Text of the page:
Participants identified potential barriers to the approach as it is largely unavailable and not accepted or understood in mainstream medical services that pathologize voice hearing.
One participant discussed their experiences of using the TwV approach both within and outside of formal services and expressed concern about the negative consequences that can arise with honesty about one’s experiences:
“In services: ‘You don’t know how [staff] will react, and so people have to censor what they say . . . I was hospitalized the moment I said about people being able to . . . read my thoughts.’ Outside of services: ‘I could just say whatever I felt, and it wasn’t ever a problem, and everyone else could do the same.’”
Under the “good relationships” theme, participants emphasized the importance of having open, non-judgmental, trustworthy, and courageous facilitators.
One participant described their experiences with their facilitator:
“There was a real emphasis on safety and choice . . . [Facilitator] acknowledged the reality of [the voices] . . . Even towards things that are very strange and unfamiliar, [facilitator] was just persistently non-judgmental and open-minded. . . He didn’t take sides, he wasn’t about me against the voices, or helping me tell off the voices for being evil or nasty or critical or ruining my life . . . he was curious and compassionate. It just helped me reconnect with feeling curious about what was going on, and not just dismiss it and ignore it and be angry about it.”
Participants also highlighted the need for social support, flexibility, and a framework that allowed them to make sense of their experiences.
One limitation of the study includes its use of Hearing Voices Groups to, directly and indirectly, recruit participants, which may have resulted in a sample of persons who had already tended to find the TwV approach beneficial. An additional limitation is that the participants were predominantly White British individuals.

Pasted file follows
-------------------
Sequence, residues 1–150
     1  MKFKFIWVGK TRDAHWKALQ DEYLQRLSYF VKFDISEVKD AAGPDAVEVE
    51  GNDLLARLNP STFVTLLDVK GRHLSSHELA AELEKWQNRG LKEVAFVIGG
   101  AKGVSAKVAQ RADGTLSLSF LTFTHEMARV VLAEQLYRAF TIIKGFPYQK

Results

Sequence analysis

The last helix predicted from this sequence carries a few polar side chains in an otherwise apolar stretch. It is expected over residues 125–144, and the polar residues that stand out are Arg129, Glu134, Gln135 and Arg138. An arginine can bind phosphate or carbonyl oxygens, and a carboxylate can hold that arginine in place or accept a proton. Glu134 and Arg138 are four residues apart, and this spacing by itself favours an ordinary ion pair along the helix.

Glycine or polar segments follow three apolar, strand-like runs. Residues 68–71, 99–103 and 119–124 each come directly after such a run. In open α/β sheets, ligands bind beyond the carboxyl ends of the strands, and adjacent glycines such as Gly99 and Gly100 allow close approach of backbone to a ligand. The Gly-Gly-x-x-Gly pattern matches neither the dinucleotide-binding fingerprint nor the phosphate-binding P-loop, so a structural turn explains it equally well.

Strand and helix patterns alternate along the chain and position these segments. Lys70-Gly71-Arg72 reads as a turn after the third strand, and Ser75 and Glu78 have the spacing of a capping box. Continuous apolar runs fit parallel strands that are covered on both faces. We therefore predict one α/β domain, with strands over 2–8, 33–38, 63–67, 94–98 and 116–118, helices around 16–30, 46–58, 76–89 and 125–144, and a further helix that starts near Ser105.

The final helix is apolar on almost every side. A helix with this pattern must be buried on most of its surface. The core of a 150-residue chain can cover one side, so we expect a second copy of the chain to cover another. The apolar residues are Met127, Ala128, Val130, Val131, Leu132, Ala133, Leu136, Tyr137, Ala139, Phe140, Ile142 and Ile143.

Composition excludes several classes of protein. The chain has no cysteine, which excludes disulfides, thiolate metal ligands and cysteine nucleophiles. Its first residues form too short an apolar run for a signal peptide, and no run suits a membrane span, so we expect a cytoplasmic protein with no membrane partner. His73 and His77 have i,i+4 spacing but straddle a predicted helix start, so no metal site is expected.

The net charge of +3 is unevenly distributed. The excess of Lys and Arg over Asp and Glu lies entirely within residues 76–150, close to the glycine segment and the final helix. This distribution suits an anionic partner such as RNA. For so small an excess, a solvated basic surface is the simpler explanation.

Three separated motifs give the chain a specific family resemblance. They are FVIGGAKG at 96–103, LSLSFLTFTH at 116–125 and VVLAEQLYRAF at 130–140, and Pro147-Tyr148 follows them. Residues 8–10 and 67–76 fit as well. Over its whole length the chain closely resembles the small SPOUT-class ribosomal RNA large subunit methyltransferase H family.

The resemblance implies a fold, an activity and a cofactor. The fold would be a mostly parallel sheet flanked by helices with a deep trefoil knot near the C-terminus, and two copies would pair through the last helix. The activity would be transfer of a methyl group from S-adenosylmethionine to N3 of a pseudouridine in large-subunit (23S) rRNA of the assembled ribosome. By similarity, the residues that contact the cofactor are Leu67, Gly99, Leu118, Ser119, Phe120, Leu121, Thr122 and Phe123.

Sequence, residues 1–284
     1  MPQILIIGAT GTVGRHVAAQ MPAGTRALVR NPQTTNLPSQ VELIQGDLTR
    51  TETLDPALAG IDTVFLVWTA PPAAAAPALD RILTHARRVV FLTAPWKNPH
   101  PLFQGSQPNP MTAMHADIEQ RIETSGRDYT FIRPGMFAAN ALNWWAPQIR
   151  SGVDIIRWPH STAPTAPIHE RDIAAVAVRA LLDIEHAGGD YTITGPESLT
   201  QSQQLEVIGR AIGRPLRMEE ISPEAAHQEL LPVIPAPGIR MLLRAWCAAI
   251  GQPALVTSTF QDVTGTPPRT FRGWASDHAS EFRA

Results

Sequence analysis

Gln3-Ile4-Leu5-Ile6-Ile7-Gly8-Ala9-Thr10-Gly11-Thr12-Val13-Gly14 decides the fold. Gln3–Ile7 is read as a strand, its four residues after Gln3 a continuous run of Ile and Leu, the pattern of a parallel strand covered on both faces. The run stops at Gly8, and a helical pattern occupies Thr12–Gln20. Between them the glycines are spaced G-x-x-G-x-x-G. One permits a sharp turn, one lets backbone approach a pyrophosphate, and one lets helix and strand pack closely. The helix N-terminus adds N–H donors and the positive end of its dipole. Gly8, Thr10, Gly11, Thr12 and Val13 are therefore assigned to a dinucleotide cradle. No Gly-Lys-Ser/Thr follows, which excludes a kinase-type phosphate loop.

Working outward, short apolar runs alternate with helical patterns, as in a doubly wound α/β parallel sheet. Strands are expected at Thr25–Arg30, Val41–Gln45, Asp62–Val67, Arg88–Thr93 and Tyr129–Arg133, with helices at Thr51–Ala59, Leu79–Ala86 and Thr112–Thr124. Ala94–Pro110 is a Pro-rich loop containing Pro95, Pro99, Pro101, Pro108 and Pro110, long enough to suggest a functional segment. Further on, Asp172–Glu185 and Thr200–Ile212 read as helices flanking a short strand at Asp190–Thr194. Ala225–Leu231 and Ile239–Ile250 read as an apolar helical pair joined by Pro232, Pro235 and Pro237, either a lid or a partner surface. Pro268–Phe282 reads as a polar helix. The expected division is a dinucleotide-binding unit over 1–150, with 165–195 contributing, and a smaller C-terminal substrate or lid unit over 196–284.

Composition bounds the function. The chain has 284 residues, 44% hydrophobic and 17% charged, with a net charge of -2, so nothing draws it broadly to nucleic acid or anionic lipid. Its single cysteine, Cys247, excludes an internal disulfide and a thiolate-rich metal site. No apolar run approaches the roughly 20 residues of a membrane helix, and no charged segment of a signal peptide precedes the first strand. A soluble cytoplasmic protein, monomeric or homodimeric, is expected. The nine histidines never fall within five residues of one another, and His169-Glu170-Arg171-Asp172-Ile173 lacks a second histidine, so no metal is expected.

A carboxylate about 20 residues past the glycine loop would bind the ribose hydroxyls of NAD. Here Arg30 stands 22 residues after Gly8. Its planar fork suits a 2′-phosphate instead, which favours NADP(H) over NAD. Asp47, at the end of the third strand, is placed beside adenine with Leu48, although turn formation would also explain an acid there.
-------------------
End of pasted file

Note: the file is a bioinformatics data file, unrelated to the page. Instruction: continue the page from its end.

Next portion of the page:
The inclusion of diverse samples in studies of voice hearing is essential to ensure that all perspectives are heard, particularly from populations that tend to be most at risk of being pathologized for their experiences. For example, racial/ethnic background and socioeconomic status influence who is diagnosed with schizophrenia versus who is not.
Additionally, individuals from marginalized backgrounds, such as those in the transgender and Black communities, tend to receive significantly higher rates of schizophrenia diagnoses than those from majority backgrounds. Further, persons belonging to ethnically marginalized groups tend to experience disparities in pathways to mental health treatment. They are more likely to experience coercive treatment due to systemic inequalities and racism.
Although the TwV approach was found to be helpful by the participants in reducing distress and addressing past trauma, the researchers acknowledge that a major challenge to implementing this approach on a larger scale is the dominating biomedical understanding of voice-hearing, which pathologize voices and tend to dismiss voice-hearers as “unreliable reporters” of their own experiences.
However, despite the strong influence of the medical model paradigm, alternative ways of thinking about voice hearing have become more prominent. For example, Hearing Voices groups have begun to receive increased attention in research and treatment, with some groups even being integrated into standard psychiatric care settings.
This increased attention to ways of understanding and helping those who hear voices that emphasize the dignity, respect, and humanity of the individual shows promise for a future where approaches are taken that allow for meaningful connection and empowerment.
Middleton, K., Cooke, A., & May, R. (2022). “It allowed us to let our pain out”: Perspectives from voice-hearers and their voices on the ‘talking with voices’ approach. Psychosis. DOI: 10.1080/17522439.2022.2141840 (Link)